• Change of Probability 163 7.7 USE IN IMPORTANCE SAMPLING Importance sampling can be an efficient method for increasing the ac- curacy of a simulation. It is based on a change of probability density. The method is illustrated for an option valuation for which the exact value is known, so as to have a benchmark for the impact of importance sampling. Consider the valuation of a European put option under the martingale method p(0) = E{exp(−rT ) max[K − S(T ), 0]} = exp(−rT ) ∞ x=0 max[K − x, 0] f (x) dx where f (x) denotes the lognormal probability density of S(T ) at S(T ) = x. This integral can be approximated by simulating n values x1, . . . , xi , . . . xn of S(T ) according to density f (x), computing the corresponding put payoffs max[K − xi , 0], and taking the average 1 n n i=1 max[K − xi , 0] An alternative way to formulate the integral is by introducing another probability density g and writing f as ( f/g)g. The integration variable is now denoted y to emphasize the new formulation ∞ y=0 max[K − y, 0] f (y) g(y) g(y) dy As g is a probability density, this integral is the expected value of the random variable max[K − S(T ), 0] f [S(T )] g[S(T )] where density g is used in taking the expectation. This expectation can be approximated by simulating n values y1, . . . yi , . . . , yn of S(T ) according to density g(x), computing the corresponding quanti- ties max[K − yi , 0][ f (yi )/g(yi )], and taking the average 1 n n i=1 max[K − yi , 0] f (yi ) g(yi ) By choosing g to be the density of S(T ) with stock price growth rate m lower than r, more of the simulated S(T ) values will be in the money (<K), so more positive put values are generated than when using r. The
    • 164 Brownian Motion Calculus 60 80 100 120 140 160 ST 0.01 0.02 0.03 0.04 lognormal densities Figure 7.2 Shifted lognormal density simulation now concentrates on the important values, and this method is therefore known as importance sampling. Density g is changed back to density f by multiplying it by the ratio f/g at yi , which is a realization of the Radon–Nikodym derivative, the random variable f [S(T )]/g[S(T )]. By a clever choice of m, the average from sampling under g has a much lower variance than ordinary sampling under f . In the martingale method E[S(T )] = S(0)erT . Changingr to m, this becomes Em[S(T )] = S(0)emT . A good choice of m is the one for which this expected value equals K. That is m = ln[K/S(0)]/T . The shift in the density and the numerical impact of importance sampling are shown in Figures 7.2 and 7.3 respectively. Option parameter values put call out of the money value value S(0) 100 exact 0.027522 0.022780 K 80 put normal sampling 0.034216 0.027458 130 call importance sampling 0.027387 0.022571 T 0.25 σ 20.00% reduction factor r 5.00% variance 183 264 st error 13 16 10000 simulation runs in Mathematica Figure 7.3 Importance sampling impact
    • Change of Probability 165 A method for producing a family of probability distributions that can be used for importance sampling will now be described. Consider a continous random variable X with probability density f (x) at X = x; refer to this as the original probability P f . The moment generating function of X, using parameter θ, is m(θ) def = E f [eθ X ] = ∞ x=−∞ eθx f (x) dx assume that it is finite. Now create a new probability distribution, here denoted Pg, from the original probability distribution P f , by the Radon–Nikodym derivative dPg dP f def = eθ X m(θ) The corresponding new density is g(x) def = eθx m(θ) f (x).3 It is a density because g(x) is non-negative and the area under g equals 1. ∞ x=−∞ g(x) dx = ∞ x=−∞ eθx m(θ) f (x) dx = 1 m(θ) ∞ x=−∞ eθx f (x) dx = 1 m(θ) m(θ) = 1 That is also the expected value of dPg/dP f using density f . This trans- formation of probability is known as exponential tilting. To illustrate, let X be standard normal. Then m(θ) = E f [eθ X ] = eE[X]+ 1 2 Var[X] = e 1 2 θ2 and dPg dP f = eθ X− 1 2 θ2 The new density, at X = y, under Pg is eθy− 1 2 θ2 1 √ 2π e− 1 2 y2 3 An alternative formulation is as follows. Write m(θ) = eln[m(θ)] . The ln of the mgf is known as the cumulant generating function, denoted ψ(θ) or κ(θ). Then g(x) = eθx−ψ(θ) f (x).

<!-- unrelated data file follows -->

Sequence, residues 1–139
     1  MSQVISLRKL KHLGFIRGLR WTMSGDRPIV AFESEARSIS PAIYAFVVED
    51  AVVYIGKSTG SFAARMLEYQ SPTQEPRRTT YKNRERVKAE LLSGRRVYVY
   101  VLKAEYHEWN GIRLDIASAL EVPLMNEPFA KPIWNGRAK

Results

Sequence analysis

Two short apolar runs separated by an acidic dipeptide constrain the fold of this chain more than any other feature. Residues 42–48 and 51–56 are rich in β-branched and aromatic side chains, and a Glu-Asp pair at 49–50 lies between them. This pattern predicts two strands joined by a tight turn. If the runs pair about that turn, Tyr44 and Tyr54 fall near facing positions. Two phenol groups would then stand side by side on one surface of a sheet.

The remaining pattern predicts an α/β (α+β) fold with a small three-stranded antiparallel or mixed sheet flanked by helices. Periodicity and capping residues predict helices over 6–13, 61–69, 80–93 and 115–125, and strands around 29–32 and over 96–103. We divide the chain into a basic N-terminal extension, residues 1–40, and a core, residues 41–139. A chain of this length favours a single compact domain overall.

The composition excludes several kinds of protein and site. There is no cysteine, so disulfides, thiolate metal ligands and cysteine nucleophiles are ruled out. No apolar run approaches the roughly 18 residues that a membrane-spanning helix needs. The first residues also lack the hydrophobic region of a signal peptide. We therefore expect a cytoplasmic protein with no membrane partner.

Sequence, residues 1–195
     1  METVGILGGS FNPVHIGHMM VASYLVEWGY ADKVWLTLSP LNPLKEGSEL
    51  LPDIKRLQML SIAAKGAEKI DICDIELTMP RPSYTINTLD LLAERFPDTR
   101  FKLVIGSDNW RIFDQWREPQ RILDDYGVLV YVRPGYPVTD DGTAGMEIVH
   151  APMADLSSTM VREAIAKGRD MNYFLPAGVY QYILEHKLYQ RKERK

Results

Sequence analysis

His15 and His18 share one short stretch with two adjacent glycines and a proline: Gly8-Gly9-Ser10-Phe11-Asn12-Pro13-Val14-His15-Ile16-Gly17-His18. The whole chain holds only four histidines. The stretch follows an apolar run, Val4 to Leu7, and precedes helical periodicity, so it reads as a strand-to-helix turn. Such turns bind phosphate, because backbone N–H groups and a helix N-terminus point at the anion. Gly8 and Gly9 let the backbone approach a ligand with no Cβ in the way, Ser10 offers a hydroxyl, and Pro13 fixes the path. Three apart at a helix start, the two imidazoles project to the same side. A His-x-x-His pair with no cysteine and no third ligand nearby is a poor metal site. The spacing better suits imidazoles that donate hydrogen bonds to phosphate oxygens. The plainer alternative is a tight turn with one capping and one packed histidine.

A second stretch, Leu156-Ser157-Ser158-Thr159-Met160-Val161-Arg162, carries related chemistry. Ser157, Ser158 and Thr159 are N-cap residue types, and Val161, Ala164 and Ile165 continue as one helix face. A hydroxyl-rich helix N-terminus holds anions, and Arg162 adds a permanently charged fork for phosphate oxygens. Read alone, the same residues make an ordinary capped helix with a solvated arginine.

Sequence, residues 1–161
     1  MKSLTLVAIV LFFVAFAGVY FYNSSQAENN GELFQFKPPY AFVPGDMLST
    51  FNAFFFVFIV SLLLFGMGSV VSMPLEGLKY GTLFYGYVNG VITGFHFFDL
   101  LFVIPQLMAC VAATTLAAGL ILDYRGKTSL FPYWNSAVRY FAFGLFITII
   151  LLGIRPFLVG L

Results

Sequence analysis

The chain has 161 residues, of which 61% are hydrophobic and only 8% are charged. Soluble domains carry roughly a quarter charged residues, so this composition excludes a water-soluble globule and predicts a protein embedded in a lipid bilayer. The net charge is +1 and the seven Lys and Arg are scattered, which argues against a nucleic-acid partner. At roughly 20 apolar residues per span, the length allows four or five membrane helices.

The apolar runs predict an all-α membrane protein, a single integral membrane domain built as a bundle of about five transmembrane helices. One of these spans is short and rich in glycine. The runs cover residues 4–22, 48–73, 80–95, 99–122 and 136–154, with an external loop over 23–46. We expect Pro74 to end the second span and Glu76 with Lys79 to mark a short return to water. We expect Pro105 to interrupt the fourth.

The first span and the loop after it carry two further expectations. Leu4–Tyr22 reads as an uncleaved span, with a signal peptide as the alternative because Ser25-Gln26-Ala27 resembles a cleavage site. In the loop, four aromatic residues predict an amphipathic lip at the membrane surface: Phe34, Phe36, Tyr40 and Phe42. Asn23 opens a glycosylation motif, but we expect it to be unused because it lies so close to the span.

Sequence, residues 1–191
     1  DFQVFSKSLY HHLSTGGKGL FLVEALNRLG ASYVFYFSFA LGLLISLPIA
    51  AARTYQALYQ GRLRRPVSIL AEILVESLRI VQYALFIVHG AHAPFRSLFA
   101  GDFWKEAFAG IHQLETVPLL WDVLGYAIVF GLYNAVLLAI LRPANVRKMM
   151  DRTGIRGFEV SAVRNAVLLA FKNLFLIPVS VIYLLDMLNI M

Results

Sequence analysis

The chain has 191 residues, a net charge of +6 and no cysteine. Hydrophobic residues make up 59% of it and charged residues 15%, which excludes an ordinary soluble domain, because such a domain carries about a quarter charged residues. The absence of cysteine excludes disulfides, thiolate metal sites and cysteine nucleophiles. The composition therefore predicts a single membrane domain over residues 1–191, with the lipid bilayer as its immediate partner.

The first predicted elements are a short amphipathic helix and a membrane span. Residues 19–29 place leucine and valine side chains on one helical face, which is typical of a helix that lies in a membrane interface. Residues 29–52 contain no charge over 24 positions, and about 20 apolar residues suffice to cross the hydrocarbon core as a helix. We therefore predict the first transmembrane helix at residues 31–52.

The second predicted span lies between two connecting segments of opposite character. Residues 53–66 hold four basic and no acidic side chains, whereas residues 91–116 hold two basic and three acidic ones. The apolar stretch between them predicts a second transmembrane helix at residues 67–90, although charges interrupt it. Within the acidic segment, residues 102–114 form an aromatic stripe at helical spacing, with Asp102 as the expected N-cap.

• 166 Brownian Motion Calculus The exponent rearranges to −1 2 (y − θ)2 . The transformation has in- creased the mean from 0 to θ. Under Pg, X ∼ N(θ, 1). Similarly, if X ∼ N(μ, σ2 ), then m(θ) = eθμ+ 1 2 θ2 σ2 and dPg dP f = eθ X−θμ− 1 2 θ2 σ2 The resulting new density is normal with mean μ + θσ2 , an increase of θσ2 ; the original variance σ2 is unchanged. Another example is for exponential random variable τ with density λe−λt at τ = t. Here m(θ) = ∞ t=0 eθt λe−λt dt = λ λ − θ provided θ < λ, and dPg dP f = exp θt − ln λ λ − θ = exp(θt) exp ln λ − θ λ = exp(θt) λ − θ λ The new density at τ = t is dPg dP f λe−λt = eθt λ − θ λ λe−λt = (λ − θ)e−(λ−θ)t which is again exponential with the parameter value reduced by θ. Ordinary simulation computes an approximation of E f [X]. Under density g this becomes Eg X dP f dPg where dP f dPg = m(θ) eθ X . Suggestions for suitable choices of the value of θ can be found in the references. Thus far, g and f were densities of the same type. That need not be the case. Density g can be a different one provided g and f assign probability zero to the same events. Exponential tilting can be applied to discrete distributions in the same way. Applications include the simulation of expressions which depend on a rare event in risk management, such as a credit default by a company, or